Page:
— Sir Ratan Tata

In a letter to Gopala Krishna Gokhale, 29 November 1909, Bombay.

Reminiscence of S.Guru Bhaskara,

an employee of TISCO (Tata Steel), Bombay in 1974.


I entered the lift breathless, after what must have been an unintended attempt at the world walking record, and said to the liftman, “Fourth floor, —zara jaldi!"

It was 9.20 in the morning and, where I work, the first three-quarters of an hour are the most tension-packed and ulcer-laden moments of the whole working day. The brass-hats spend these forty-five minutes wearing themselves to a frazzle, drafting notes, drawing up charts, compiling analyses—in short, preparing themselves in every possible manner to answer questions, anticipated and otherwise, from the operating chief who would hand down the decisions for the day.

The liftman put his head out reflectively, jerked himself suddenly to life, straightened his uniform, fixed the top button of his coat and, standing ramrod—straight, announced. "Saab atha hail"

Besides me, there were two Bombay House men and a rather impressive looking gentleman in a brown suit. Each one of us spent the next few moments privately speculating on the identity ofthe 'saab'.

It wasn't long before the Chairman entered, taking us in as he stepped in and smiling his greetings. I froze in whatever attitude the moment found me—that is, except for my knees which begana fast jig—and prepared for the longest elevator ride of my life.

As the lift rose, I caught Mr. Brownsuit looking fixedly at the Chairman. He appeared to be struggling with a comprehension falling just short of conviction, and I knew at once that he was a stranger in the House. As we neared the second floor, unable to contain his curiosity any longer, he broke out with, "Sir, you look like Mr. J.R.D. Tata. Am I right?"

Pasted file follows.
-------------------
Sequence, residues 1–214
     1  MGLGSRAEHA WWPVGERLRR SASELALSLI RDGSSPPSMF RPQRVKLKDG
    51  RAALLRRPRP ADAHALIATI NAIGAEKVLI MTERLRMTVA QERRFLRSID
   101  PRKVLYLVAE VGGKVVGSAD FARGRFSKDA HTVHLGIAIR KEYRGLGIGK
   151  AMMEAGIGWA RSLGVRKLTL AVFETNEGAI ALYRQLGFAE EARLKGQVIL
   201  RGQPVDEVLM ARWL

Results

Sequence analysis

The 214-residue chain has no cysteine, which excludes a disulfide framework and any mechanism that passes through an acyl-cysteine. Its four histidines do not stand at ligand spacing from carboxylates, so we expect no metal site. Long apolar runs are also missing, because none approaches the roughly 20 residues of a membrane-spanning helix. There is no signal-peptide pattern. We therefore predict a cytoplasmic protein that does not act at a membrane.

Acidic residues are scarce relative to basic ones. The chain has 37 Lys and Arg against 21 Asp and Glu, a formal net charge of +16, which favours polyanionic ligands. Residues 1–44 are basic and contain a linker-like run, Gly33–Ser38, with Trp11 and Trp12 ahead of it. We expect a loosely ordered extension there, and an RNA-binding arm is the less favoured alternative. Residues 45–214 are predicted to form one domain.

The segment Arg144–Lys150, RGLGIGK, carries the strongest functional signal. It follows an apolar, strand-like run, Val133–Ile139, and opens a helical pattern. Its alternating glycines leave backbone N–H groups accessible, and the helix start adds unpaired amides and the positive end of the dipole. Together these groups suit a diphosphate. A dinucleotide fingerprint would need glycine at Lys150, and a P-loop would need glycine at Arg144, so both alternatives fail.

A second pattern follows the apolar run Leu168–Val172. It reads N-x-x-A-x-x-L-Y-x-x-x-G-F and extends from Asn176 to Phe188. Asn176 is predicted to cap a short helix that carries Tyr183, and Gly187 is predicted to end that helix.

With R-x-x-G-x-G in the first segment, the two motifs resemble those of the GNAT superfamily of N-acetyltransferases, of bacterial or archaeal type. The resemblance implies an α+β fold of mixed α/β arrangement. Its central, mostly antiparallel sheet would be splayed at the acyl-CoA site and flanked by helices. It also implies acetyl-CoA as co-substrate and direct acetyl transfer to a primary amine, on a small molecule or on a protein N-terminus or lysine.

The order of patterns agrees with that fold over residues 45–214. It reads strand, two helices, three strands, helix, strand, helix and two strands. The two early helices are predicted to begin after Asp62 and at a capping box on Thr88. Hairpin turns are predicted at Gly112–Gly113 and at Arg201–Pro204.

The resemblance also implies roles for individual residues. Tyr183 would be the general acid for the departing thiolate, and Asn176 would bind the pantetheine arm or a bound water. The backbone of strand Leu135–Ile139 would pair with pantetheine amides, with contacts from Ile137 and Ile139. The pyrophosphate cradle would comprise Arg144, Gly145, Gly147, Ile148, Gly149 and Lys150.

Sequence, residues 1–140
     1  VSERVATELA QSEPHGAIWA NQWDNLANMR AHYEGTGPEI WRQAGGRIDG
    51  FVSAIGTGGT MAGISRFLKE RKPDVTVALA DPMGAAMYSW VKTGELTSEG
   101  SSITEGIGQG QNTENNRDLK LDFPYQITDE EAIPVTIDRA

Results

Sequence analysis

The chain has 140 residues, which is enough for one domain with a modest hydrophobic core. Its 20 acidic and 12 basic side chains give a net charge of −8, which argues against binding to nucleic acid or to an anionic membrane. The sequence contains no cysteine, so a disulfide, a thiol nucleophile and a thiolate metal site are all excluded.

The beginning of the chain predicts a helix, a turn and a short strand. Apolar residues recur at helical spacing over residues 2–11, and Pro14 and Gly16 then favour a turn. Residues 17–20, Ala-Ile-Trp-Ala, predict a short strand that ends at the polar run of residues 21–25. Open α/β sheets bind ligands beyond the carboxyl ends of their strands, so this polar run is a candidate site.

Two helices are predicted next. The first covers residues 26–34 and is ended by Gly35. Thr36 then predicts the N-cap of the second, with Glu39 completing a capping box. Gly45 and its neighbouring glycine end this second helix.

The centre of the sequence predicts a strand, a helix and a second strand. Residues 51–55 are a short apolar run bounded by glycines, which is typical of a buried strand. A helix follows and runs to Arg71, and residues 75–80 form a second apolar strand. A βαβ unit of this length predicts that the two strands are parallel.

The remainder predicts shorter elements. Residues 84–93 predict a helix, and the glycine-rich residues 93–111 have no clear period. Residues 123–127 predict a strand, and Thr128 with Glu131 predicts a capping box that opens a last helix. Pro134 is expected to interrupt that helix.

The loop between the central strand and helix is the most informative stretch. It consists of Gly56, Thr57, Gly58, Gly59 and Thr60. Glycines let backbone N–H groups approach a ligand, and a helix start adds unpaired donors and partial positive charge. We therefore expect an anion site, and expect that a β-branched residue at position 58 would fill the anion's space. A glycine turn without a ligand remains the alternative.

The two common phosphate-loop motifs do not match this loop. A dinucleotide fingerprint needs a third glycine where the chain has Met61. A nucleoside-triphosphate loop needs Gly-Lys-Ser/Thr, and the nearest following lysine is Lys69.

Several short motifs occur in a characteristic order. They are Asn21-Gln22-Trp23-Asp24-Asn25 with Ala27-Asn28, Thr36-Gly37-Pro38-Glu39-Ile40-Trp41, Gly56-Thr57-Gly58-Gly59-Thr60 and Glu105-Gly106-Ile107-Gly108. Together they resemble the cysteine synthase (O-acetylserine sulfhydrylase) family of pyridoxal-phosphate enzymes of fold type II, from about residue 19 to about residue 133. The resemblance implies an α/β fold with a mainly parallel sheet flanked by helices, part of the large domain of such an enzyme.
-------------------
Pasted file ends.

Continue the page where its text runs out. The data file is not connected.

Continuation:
Amused more than surprised, the Chairman gave out a puckish smile, examined himself in the mirror as if to see whether the gentleman was right in his conjecture, and replied, "Do I really?... I wonder why!"

This put Mr. Brownsuit in a state of uncertainty, but not for long. Coming on strong with conviction, he declared, "Sir, you ARE Mr. Tata. I am sure!"

Taking this with his characteristic grace and modesty, the Chairman conceded, "Well . . . yes, I happen to be—by coincidence!"

Mr. Brownsuit was visibly moved and, touching the sleeve of the Chairman's jacket, said: "I have been blessed. Sir. May God grant you long life!"

The Chairman thanked the gentleman, who got out on the third floor. The Stigler whispered up to the fourth, my knees stopped their Morse and awe yielded to chest-swelling pride and a sense of belonging.

If you would like to read more about J.R.D. Tata , please follow the link

K.A.D. Naoroji worked with the Tata group in various capacities throughout his career. He was mainly associated the Tata Iron and Steel Co. Ltd. (TISCO) and Tata Incorporated, New York.

When K.A. D. Naoroji went as a delegate to the Iron and Steel Committee of the International Labour Organisation at Cleveland, Ohio, U.S.A. in 1946, there was a discussion on the 'backward' countries of Asia. An American speaker described the conditions of slavery under which Indian workers in the steel industry were supposed to be working.

K.A.D. got up, and in his slow, gentle way described how TISCO had introduced an eight-hour day so far back as 1912, long before it had been generally accepted in America or Europe (the Factories Bill of 1911 envisioned a legal limit of twelve hours in Britain). Leave with pay was introduced in 1920, at a time when it was unknown in either England or America; in India, generally it was not established by law until 1945. A Provident Fund, at that time unknown in England and not legalised in India until 1952, was started in Jamshedpur in 1920. Accident compensation started in the same year, earlier and much more liberal than the Workmen’s Compensation Act.

He also pointed out that the Company provided free medical and hospital treatment and free schools to workers; he spoke of the general bonus and the profit sharing bonus. After he sat down, there was no more talk of slave labour in India’s steel industry.